As Google pushes administrators to use Android Enterprise, IT must use a supported enterprise mobility management...
tool, such as Microsoft Intune.
Google will deprecate certain APIs that support legacy Android OS management, such as APIs that deal with password management and security settings, and force administrators that want access to these APIs to use the Android Enterprise versions. The Android Management API enables admins to natively manage the following Android Enterprise device scenarios:
- work profile for BYOD
- corporate-owned, single-use (COSU)
- corporate-owned, business-only (COBO)
Microsoft Intune support for the BYOD and COSU scenarios is available via Android Enterprise, and Microsoft recently previewed support for the COBO scenario. In the future, the Android Management API will also support the corporate-owned, personally enabled (COPE) scenario for Android device management. Once the API adds this support, mobile admins will be able to use Intune's existing support of COPE.
Looking at the architecture and scenario support
Microsoft Intune manages enrolled devices with the native Android Management API, which enables Microsoft to be more agile when it comes to adopting new features or new device scenarios offered by Google. By using this API, Microsoft Intune doesn't need any local agents, such as Microsoft Company Portal, to completely manage enrolled devices via one of the device owner scenarios.
IT can use managed Google Play and the device policy controller to manage devices' apps and policies via Microsoft Intune. For BYOD devices, IT should create and manage a work profile and nothing else. IT can accomplish this with a device policy controller application on the mobile device; in many cases, enterprise mobility management software can perform this task.
The COSU Android device management scenario is meant for kiosk devices with one purpose, such as logging sales or tracking patient data in hospitals. Policies in Microsoft Intune enable IT to lock down all aspects of the device that aren't related to its purpose. IT professionals can only enroll a device into the COSU scenario if the device is brand-new or if it has undergone a factory reset.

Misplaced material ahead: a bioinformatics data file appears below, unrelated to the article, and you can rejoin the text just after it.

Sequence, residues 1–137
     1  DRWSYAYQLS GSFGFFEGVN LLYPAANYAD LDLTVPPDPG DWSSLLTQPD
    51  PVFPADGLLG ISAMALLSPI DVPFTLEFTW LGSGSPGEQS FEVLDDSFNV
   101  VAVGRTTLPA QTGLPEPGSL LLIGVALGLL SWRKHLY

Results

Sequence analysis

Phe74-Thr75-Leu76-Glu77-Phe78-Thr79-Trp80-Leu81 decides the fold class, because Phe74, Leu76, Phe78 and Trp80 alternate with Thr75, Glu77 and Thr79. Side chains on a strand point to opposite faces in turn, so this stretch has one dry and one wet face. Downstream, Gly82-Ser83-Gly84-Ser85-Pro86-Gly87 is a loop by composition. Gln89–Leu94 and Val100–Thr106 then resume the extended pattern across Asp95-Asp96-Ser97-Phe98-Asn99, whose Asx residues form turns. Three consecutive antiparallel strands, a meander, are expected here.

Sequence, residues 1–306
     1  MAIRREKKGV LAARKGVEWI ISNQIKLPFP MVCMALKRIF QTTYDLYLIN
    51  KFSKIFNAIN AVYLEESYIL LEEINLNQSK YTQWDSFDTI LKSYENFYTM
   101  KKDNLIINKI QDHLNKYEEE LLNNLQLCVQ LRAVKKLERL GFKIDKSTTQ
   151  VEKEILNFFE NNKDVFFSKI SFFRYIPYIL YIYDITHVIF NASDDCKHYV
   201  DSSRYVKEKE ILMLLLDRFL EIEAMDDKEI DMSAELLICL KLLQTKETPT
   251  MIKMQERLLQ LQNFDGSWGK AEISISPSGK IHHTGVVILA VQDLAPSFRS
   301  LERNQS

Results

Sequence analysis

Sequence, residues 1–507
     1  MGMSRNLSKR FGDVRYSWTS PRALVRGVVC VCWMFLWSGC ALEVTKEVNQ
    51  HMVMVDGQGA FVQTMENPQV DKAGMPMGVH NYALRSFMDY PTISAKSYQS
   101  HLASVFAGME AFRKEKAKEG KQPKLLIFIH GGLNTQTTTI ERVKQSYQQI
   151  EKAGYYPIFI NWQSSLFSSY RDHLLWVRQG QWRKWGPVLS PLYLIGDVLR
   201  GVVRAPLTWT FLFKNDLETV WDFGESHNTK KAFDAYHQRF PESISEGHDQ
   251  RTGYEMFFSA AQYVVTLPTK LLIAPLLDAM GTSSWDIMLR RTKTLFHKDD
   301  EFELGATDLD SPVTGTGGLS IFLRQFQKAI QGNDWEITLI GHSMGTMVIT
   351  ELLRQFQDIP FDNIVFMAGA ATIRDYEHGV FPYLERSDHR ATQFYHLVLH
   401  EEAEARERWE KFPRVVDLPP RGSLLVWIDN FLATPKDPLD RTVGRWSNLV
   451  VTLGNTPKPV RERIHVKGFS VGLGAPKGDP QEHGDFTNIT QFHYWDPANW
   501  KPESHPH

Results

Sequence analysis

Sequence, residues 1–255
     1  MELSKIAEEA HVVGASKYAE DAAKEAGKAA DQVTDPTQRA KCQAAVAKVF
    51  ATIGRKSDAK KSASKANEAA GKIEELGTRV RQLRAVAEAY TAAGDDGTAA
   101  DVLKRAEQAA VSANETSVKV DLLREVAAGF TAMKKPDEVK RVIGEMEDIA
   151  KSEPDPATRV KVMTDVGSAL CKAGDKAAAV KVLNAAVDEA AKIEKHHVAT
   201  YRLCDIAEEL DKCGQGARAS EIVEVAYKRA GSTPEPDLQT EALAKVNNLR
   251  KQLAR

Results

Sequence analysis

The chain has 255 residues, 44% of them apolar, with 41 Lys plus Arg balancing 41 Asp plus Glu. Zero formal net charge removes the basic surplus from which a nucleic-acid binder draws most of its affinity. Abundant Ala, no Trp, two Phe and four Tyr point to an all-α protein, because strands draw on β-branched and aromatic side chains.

IT can enroll a new device with near-field communication (NFC), a QR code or a token, which is a unique set of letters that serves as an activation code. To start this process, IT must create a corporate-owned dedicated device token in Microsoft Intune. Intune admins can share this token as a QR code or as the token's activation code; it can also be transmitted to a device with an NFC tag.
When IT uses the QR code or token method, Microsoft Intune automatically enrolls the device with Intune. The device won't have a user affinity in place, which would associate the device with one user, because it's dedicated to the role of a kiosk device.
COBO is a bit different from BYOD and COSU, and as of January 2019, its native Android device management is still in public preview for Microsoft Intune. While the COSU scenario enables Intune admins to create more than one token, COBO only supports creating one token.
In the Intune console, IT pros should navigate to Device Enrollment > Android Enrollment. Then, they should select Corporate-Owned, Fully-Managed User Devices (Preview). From there, admins can create the enrollment token.
Users will need the QR code above to authenticate with their usernames and passwords to define user affinity.
After the user and Intune admin ensure that they have successfully enrolled the device in Intune, they will see the device in the Microsoft Intune portal as an Android fully managed OS.
Intune administrators can completely wipe the device because it is fully managed. For devices in the BYOD Android device management scenario, IT doesn't have that option because it only manages the work profile where the corporate data resides. The user has ownership of the device, while the organization does not, so IT should only be able to remove the corporate data if necessary.